A native of central New Jersey born into a family of Princeton alumni, Katzenbach went on to become one of the most influential government leaders of the 1960s and one of the foremost advocates against segregation.
“[Katzenbach] was front and center on the issue of civil rights and the voice of the administration,” professor of history and public affairs Julian Zelizer said. “He turned the idea of civil rights into actual legislation.”
Perhaps Katzenbach’s most famous moment during the movement came on June 11, 1963, when instead of attending his 20th reunion at the University, he traveled to Tuscaloosa, Ala., and faced down Governor George Wallace on the steps of the University of Alabama. He was backed by the National Guard and under direction from President John F. Kennedy to assist in the admittance of two African-American students to the previously segregated University.
“That image will be forever engraved in history,” history professor Sean Wilentz said. He explained that it was Katzenbach’s unflappable nature that allowed him to navigate such a tense situation. “If you knew Nick, he was not a man that was easily shaken up.”
African American studies professor Imani Perry said Katzenbach was an “ardent defender of federal civil rights legislation.” She commended him not just for arguing cases before the courts, but also for having the courage to confront segregationists face-to-face on their own turf.
“Many members of my own family have attended the University of Alabama since its desegregation, so I feel personally moved by his commitment to equality and civil rights,” she said.
Katzenbach continued the fight for justice and played an influential role in drafting the Civil Rights Act of 1964 and the arduous process of getting it passed through Congress.
“He had to be strategic; he had to be tough,” Zelizer said. He described Katzenbach as being uniquely qualified to tackle the issue due to his ability both to listen to the concerns of the movement on the ground and to take into account political considerations in Washington.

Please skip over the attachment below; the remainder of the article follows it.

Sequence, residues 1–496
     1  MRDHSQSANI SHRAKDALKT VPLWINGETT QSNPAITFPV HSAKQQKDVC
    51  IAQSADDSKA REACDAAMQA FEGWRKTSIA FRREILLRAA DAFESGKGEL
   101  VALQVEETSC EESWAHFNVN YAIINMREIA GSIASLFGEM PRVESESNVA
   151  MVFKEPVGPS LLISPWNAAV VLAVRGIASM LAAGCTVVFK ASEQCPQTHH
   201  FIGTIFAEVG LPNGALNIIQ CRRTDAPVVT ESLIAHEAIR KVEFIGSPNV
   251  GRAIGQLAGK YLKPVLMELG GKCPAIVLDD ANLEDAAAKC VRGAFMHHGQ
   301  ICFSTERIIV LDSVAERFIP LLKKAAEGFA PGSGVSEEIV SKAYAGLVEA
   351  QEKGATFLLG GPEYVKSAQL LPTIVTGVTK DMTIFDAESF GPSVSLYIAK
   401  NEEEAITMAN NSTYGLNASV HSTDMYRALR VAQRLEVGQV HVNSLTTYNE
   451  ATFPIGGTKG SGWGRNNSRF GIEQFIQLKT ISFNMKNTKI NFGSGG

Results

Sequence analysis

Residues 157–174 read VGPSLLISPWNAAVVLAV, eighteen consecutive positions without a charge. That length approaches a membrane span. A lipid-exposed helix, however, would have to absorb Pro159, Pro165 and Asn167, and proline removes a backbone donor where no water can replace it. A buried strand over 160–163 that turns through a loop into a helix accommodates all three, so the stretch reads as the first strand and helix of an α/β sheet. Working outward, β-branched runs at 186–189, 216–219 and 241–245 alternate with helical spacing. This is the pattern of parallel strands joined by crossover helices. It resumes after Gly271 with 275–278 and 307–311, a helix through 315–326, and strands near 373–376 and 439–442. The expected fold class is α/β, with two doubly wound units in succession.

“He had thick skin; he was very strategic and remarkably open and willing to listen,” Zelizer said.
During his time in the Kennedy administration, Katzenbach also wrote influential legal briefs justifying the naval blockade of Cuba during the Cuban Missile Crisis, negotiated the release of prisoners following the Bay of Pigs invasion and — following the Kennedy assassination — wrote the memo that spearheaded the Warren Commission that investigated the killing.
He went on to serve as the Attorney General and Undersecretary of State for President Lyndon B. Johnson until 1968.
Katzenbach, who attended the University in the midst of World War II, had an unconventional University experience. After Pearl Harbor, at age 19, he left the University to enlist in the Army. Commissioned as a second lieutenant in the Army Air Corps, he navigated B-25 bombers until his plane was shot down, and he spent two years as a prisoner of war in Italy and Germany.
During his time as a POW, Katzenbach read over 400 books. When he returned to Princeton in 1945, he completed nine examinations and wrote his thesis all within two months before graduating cum laude. He went on to attend Yale Law School and was a Rhodes Scholar.
Katzenbach eventually served on the Board of Trustees at the University and was ranked as the 16th-most influential alumnus by the Princeton Alumni Weekly Magazine for the pivotal role he played in the U.S. Civil Rights movement.
“[H]e devoted his life to the common good of the nation and its citizens,” Perry said. “His legacy lives on here in the lives of Princeton’s many students who devote themselves to public service.”
Katzenbach is survived by his wife Lydia, his sons Christopher and John, his daughters Mimi and Anne and six grandchildren.
Original URL: http://www.dailyprincetonian.com/2012/05/11/30946/